This first episode of the award-winning Māori Television series looks at the influence of the idea of 'the village' on Māori architecture. Architect Rau Hoskins is guide; he ranges from traditional designs, such as Rotorua's Whakarewarewa thermal village, to Rua Kenana's extraordinary circular meeting house — with its club and diamonds decor — built on an Urewera mountainside. Hoskins ends up at Wellington's 26 metre high Tapu Te Ranga Marae, made from recycled car packing cases. The episode won Best Information Programme at the 2011 Aotearoa Film and TV Awards.
This family-friendly series from company Flux Animation follows the adventures of Tamatoa, a young Māori boy and his friends Moana, Manu (the moa), Moko (the tuatara) and Kereru (the kereru). Making clear director Brent Chambers’ lifelong love of American animation, the ten-minute episodes feature visual gags aplenty, most of them sold with a Kiwi twist. Set in pre-European times, the series features the voice talents of comedian Cal Wilson, Jason Hoyte (Seven Periods with Mr Gormsby) and Stephanie Tauevihi (Shortland Street).
This second episode of the three-part series following British MP Austin Mitchell’s return to the country where he began his career in (as a broadcaster and author of 1972 book The Half Gallon Quarter Acre Pavlova Paradise) sees a focus on politics. The former Canterbury University political scientist gives a potted political history, from the roots of a conservative Kiwi political mien to the radical changes wrought by Lange’s 80s Labour government and the rise of women ‘on the hill’. Finally he considers tourism, Treaty settlements and the aspirations of Māori.
Tamatoa the Brave Warrior follows the adventures of a young Māori adventurer and his talkative pals Moko (the tuatara), Manu (the moa) and Kereru (the kereru). In this episode Tamatoa's chances of entering the great river race look dim after Aunty Hana forces him to guard the kumara patch instead. Tamatoa reluctantly obeys, and finds himself caught up battling some crazed pukeko who want to use the kumara as a rugby ball. There may still be time to race... The series of ten minute episodes was created by the prolific Flux Animation Studios.
From the icons (Sky Tower, Otara Market, Rangitoto, The Bridge), celebs, clans and stereotypes (Jafas), to the streets (Queen St, K Road), and Super City suburbs (Ferndale, Mt Raskill, Morningside), this collection celebrates Auckland onscreen. Reel through the moods and the multicultural, metro, muggy charms of New Zealand’s largest city. In this backgrounder, No. 2 director Toa Fraser writes about Auckland as a place of myth, diversity and broken jaws.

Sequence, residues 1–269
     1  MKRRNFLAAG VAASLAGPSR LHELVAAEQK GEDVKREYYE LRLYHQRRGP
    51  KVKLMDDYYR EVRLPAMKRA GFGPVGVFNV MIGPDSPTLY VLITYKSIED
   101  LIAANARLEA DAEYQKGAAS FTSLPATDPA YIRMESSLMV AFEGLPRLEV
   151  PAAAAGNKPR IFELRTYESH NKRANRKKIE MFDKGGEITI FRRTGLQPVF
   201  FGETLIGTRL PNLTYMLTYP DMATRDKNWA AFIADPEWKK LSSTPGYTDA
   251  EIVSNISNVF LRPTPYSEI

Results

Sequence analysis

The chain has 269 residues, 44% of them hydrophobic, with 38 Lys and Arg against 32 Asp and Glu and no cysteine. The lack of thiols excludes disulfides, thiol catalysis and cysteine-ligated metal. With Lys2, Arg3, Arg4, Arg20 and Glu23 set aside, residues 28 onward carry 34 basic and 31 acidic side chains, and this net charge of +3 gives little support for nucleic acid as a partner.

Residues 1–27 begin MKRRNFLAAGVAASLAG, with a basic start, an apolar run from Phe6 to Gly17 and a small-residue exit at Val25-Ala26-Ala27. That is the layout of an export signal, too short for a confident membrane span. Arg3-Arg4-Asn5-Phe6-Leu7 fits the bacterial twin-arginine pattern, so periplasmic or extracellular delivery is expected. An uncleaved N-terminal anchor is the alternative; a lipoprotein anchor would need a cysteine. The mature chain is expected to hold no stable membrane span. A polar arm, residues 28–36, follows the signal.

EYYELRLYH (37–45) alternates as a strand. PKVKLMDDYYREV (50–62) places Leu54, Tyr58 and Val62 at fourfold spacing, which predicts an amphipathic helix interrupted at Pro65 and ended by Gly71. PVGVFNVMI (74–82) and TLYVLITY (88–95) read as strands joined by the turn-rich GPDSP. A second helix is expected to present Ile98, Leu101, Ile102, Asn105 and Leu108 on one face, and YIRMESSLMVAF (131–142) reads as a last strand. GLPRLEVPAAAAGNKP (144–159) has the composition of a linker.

Two presenters are tricked into visiting Rotorua in the fourth series of Māori youth magazine show I AM TV. Host Taupunakohe Tocker excitedly tells Kimo Holtham and Chey Milne they are being sent to Las Vegas, but instead they end up in 'Rotovegas'. Holtham and Milne tour around Rotorua diving for coins at Whakarewarewa Village, eating corn cooked in geothermal water, and meeting locals, including musician JJ Rika. Tocker interviews Tiki Taane and ropes pedestrians in to do air guitar, while Stan Walker shows what it's like backstage at his Auckland concert.
This magazine newsreel mixes buried treasure with a classic Brian Brake-shot performance piece. Opener 'The Long Poi' captures a poi dance. In 'The Buried Village' tourists examine fireballs and Māori stone carvings buried in the 1886 Tarawera eruption. The final piece showcases the talents of Kiwi pianist Richard Farrell and director Brian Brake. Brake's moody studio lighting and lively compositions frame this performance of a Chopin waltz. Farrell would die in a UK car accident in 1958 — the same month Brake won his first big spread in Life magazine.
Billy T’s unique brand of humour is captured at its affable, non-PC best in this compilation of skits from his popular 1980s TV shows. There’s Te News (“somebody pinched all the toilet seats out of the Kaikohe Police Station...now the cops got nothing to go on!”) with Billy in iconic black singlet and yellow towel; a bro’s guide to home improvement; skits about first contact, and a take off of Miami Vice. No target is sacred (God, the IRA, the talking Japanese sketch) and there are classic advertising spoofs for Pixie Caramel’s “last requests” and Lands For Bags’ “where’d you get your bag”.
The Governor was a six-part TV epic that examined the life of Governor George Grey (Corin Redgrave). This episode arguably best lived up to the blockbuster scale and revisionist ambitions of the series. It depicts key battles of the 1863-64 Waikato Campaign (including ‘Rewi’s last stand’ at Ōrākau). General Sir Duncan Cameron (Martyn Sanderson) feels growing unease following Grey’s orders to evict Māori villagers, as he learns respect for his foe, and that Grey’s motives are driven not just by the urge to impose order on ‘the natives’ but by hunger for land.
This 1968 tourism promo follows two Aussie sheilas, Helen and Beverly, on a champagne-fuelled trip across the ditch. The tour kicks off with an obligatory sheep's 'baa', but offers some surprises alongside the scenic wonderland way, such as a detour to a Kaingaroa Forest mill and an Otago gold rush history lesson. Surprisingly trippy, Blow Up-inspired opening credits, some bold cutting and a jazzy score enliven the jaunt; a highlight is the lasses and hip local lads Monkee-ing around a Māori village and geothermal power station ... it's not PC, but it's definitely pop-tastic!